[Image above] Credit: Bryan Ward; Flickr CC BY 2.0
If you grew up reading comic books, you might remember the adventures of some of the famous superheroes—Superman, Spiderman, Iron Man, Fantastic Four, and Captain America, to name a few.
And if you are a materials scientist who grew up reading about those superheroes, you might be excited about the new movie “Black Panther,” which opened last month in the United States. The movie follows King T’Challa, who returns home to Wakanda, Africa, from another Marvel movie to become its new leader. He is drawn into a war when enemies from within his country try to destroy the country and take over the throne. Enter the Black Panther, who comes in to save the day. Or something like that.
So what does materials science have to do with “Black Panther?”
A metal called vibranium is supposed to give Black Panther his superpowers. But don’t go looking for it on the periodic table—it’s not real.
Just what is vibranium?
According to the official vibranium page on Marvel’s website, vibranium is “a nearly indestructible element that crash landed from outer space millennia ago into the African region that would become Wakanda.” Essentially, it’s a solid metal that is stronger than steel.
And vibranium has many amazing properties:
- It’s one-third the weight of steel;
- It’s vibration absorbent;
- It deflects kinetic energy and high-caliber bullets;
- It can ricochet off multiple surfaces;
- It’s wind resistant;
- It conducts electricity; and
- It has magnetic properties.
But the material does have its limitations. Energy from an infinity stone combined with a lightning bolt can melt vibranium. Telekinesis can break through the metal. And sonic equipment can render it useless.
Even though vibranium is a fictitious creation of Marvel Comics, it generated enough excitement for Gizmodo to reach out to real materials scientists to find out if a similar material could exist in the universe. And who better than materials scientists and ACerS members Yury Gogotzi and Jayakanth Ravichandran to answer that question?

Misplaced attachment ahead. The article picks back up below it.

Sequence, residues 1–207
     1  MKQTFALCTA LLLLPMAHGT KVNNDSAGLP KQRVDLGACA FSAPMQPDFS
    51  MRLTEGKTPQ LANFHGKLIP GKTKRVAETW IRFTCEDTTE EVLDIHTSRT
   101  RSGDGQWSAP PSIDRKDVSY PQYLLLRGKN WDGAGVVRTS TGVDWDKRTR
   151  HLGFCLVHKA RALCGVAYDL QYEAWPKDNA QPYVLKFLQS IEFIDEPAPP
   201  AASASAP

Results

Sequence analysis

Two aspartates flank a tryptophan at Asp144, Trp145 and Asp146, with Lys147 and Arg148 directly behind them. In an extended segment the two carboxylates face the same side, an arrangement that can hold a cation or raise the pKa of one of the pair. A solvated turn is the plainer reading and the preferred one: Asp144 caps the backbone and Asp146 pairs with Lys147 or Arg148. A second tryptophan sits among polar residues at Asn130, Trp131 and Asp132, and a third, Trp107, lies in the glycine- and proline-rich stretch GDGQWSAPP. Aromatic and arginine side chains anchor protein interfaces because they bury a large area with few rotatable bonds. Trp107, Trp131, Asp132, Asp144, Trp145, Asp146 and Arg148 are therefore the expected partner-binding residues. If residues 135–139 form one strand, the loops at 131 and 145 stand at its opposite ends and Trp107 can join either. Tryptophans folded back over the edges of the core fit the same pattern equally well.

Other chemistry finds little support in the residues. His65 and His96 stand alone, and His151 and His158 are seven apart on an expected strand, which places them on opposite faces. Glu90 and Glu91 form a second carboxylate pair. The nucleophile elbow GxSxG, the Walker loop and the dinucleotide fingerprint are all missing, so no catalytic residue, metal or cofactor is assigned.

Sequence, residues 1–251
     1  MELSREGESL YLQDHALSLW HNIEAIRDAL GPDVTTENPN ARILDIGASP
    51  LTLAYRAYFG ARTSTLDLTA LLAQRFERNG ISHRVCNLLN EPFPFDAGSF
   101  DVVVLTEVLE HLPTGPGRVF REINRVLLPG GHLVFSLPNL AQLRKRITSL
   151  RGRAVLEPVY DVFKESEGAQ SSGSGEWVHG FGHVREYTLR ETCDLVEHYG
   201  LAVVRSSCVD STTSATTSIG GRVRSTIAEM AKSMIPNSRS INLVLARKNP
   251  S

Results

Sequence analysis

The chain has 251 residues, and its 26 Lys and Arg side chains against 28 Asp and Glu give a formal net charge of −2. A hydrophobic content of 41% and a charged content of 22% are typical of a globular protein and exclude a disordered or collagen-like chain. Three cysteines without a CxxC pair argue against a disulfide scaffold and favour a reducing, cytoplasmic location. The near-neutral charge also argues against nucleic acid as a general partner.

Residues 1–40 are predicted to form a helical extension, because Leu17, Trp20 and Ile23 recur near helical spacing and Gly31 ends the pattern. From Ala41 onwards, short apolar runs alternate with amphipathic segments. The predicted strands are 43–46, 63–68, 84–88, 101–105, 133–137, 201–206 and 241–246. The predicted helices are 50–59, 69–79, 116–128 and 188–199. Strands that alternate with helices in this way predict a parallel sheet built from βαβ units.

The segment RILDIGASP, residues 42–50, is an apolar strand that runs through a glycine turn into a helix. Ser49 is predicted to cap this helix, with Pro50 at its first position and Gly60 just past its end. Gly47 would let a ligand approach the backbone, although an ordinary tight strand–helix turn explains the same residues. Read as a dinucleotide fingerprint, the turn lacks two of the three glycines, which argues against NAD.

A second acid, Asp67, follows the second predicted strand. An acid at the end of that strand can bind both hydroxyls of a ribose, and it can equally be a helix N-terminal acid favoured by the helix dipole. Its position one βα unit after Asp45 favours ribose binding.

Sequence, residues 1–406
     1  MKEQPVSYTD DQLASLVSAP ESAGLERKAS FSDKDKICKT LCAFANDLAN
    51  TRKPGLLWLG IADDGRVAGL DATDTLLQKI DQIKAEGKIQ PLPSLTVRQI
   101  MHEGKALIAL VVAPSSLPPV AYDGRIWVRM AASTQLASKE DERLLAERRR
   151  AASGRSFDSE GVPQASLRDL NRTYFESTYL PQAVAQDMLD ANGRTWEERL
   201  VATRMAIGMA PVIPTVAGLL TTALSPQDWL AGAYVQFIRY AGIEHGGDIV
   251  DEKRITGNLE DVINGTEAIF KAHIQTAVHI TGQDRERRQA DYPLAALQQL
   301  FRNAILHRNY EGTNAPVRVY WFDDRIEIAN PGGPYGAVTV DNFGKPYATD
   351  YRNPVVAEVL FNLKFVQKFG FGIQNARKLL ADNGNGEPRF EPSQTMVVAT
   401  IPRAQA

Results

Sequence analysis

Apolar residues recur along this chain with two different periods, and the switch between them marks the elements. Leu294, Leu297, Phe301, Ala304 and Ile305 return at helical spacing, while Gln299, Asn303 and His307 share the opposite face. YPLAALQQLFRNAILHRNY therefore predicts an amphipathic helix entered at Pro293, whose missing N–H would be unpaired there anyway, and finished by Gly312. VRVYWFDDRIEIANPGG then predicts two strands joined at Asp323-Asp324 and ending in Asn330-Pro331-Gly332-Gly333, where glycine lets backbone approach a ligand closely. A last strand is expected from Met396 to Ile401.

Daniel Kolitz, in his “Giz Asks” column, asks, “Could such a substance ever actually fall from the sky? Are there planets out there that could, plausibly, harbor vast quarries of vibranium-like materials? And if not, how far along are we in inventing those materials, or similar ones?”
Gogotsi, Distinguished University and Charles T. and Ruth M. Bach Professor of Materials Science and Engineering at Drexel University (Philadelphia, Pa.), explains that “no natural material can have those properties.” He says that some of vibranium’s properties can be achieved by using advanced nanomaterials in designing a material’s structure—for instance using piezoelectric materials that can turn vibrations into electricity. Or advanced ceramic materials like boron carbide for lightweight armor.
Drexel University’s news blog goes into more details about Gogotsi’s research on the nanomaterials he alludes to in his statement.
Ravichandran, assistant professor of chemical engineering and materials science and electrical engineering-electrophysics at the University of Southern California (Los Angeles, Calif.) states, “Some features of vibranium are observable in materials (with more than one elements to form alloys or compounds) but not nearly in the same magnitude as seen in vibranium.” Using the example of viscoelastic materials, he says they are great at absorbing sound, but they’re not stiff enough to perform like vibranium. And other materials might be good at resisting impact but not good at controlling vibrations.
So vibranium really just exhibits the best properties of all metals. Even Captain America’s shield has vibranium as a component. But it’s not the only super material in the comics universe. Remember Superman’s weakness, kryptonite?
In a radio broadcast several years ago, ACerS member Suveen Mathaudu, adjunct assistant professor in the Department of Materials Science and Engineering at North Carolina State University (Raleigh, N.C.), discussed other super materials that appear in comics, including the X-Men alloy adamantium.
So as materials science research continues to improve our lives, we can only dream about the capabilities of those super materials that exist in the fantasy world of superheroes.
Visit this link to Gizmodo’s article to read Gogotzi’s and Ravichandran’s viewpoints, along with three other materials scientists’ perspectives on vibranium.
What other super materials have you encountered in your favorite superhero comics?
Did you find this article interesting? Subscribe to the Ceramic Tech Today newsletter to continue to read more articles about the latest news in the ceramic and glass industry! Visit this link to get started.